Thursday, September 30, 2010

Perpetual twilight of red dwarf planet Gliese 581g may host 'band of life'

US astronomers have discovered an Earth-sized planet that they think might be habitable, orbiting a nearby star, and believe there could be many more planets like it in space.

The planet, found by astronomers at the University of California, Santa Cruz, and the Carnegie Institution of Washington, is orbiting in the middle of the "habitable zone" of the red dwarf star Gliese 581, which means it could have water on its surface.

The scientists determined that the planet, named Gliese 581g, has a mass three to four times that of Earth and an orbital period of just under 37 days.

Its mass indicates that it is probably a rocky planet and has enough gravity to hold on to an atmosphere, according to Steven Vogt, professor of astronomy and astrophysics at the University of California, Santa Cruz, and one of the leaders of the team that discovered the planet.

"Personally, given the ubiquity and propensity of life to flourish wherever it can, I would say, my own personal feeling is that the chances of life on this planet are 100 per cent," Mr Vogt said. "I have almost no doubt about it."

If Gliese 581g has a rocky composition similar to Earth's, its diameter would be about 1.2 to 1.4 times that of the Earth, the researchers said. The surface gravity would be about the same or slightly higher than Earth's, so that a person could easily walk upright on the planet, Mr Vogt said.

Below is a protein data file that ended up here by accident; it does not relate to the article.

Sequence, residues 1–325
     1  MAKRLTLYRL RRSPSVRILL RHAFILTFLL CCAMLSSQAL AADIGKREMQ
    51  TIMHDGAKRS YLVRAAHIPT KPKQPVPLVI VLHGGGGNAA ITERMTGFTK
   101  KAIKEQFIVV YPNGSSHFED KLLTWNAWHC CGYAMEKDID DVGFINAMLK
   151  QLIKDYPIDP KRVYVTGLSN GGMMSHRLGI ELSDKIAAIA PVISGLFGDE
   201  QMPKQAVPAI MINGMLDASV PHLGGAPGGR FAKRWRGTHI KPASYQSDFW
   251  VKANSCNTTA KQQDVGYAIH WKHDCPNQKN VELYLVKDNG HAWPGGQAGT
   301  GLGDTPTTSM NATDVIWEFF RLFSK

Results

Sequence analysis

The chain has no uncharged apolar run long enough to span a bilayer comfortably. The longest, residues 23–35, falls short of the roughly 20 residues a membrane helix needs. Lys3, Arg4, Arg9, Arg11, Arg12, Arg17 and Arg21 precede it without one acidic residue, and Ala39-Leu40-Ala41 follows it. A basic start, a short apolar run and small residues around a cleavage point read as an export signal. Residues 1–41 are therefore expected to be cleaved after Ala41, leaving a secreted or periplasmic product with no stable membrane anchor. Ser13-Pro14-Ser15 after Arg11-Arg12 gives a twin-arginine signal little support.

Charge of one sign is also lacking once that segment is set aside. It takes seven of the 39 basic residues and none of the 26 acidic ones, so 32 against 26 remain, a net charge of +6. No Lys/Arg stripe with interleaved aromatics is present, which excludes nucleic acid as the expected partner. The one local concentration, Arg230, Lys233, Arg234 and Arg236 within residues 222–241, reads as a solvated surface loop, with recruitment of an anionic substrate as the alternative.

Gliese 581g was discovered by scientists working on the Lick-Carnegie Exoplanet Survey, during 11 years of observing the red dwarf star Gliese 581, which is only 20 light years from Earth.

For astronomers, 11 years of observation is considered a short time and 20 light years, which is roughly 190 trillion kilometres, rather close. The sun is around eight and a half light minutes from Earth.

"The fact that we were able to detect this planet so quickly and so nearby tells us that planets like this must be really common," Mr Vogt said.

The planet is tidally locked to its star, meaning that one side is always facing the star and basking in perpetual daylight, and the other is in perpetual darkness because it faces away from the star. This would make the line between darkness and light the most habitable part of the new planet, which is known as the "terminator".

The researchers estimate that the average surface temperature of the planet would be between -31 to -12 degrees Celsius. But actual temperatures would range from "blazing hot on the side facing the star, to freezing cold on the dark side", they said.

That means the probability of life existing in a band of perpetual twilight or "Goldilocks zone" (not too hot, not too cold) around the planet is high.

The findings, which will be published in the Astrophysical Journal and posted online at, "offer a very compelling case for a potentially habitable planet", Mr Vogt said.

In their report, the scientists in fact announce the discovery of two new planets around Gliese 581, bringing the total number of known planets around this star to six. Two previously detected planets around Gliese lie at the edges of the habitable zone, one on the hot side and one on the cold side of the star, and are probably not habitable. The newly discovered planet g, however, lies right in the middle of the habitable zone.


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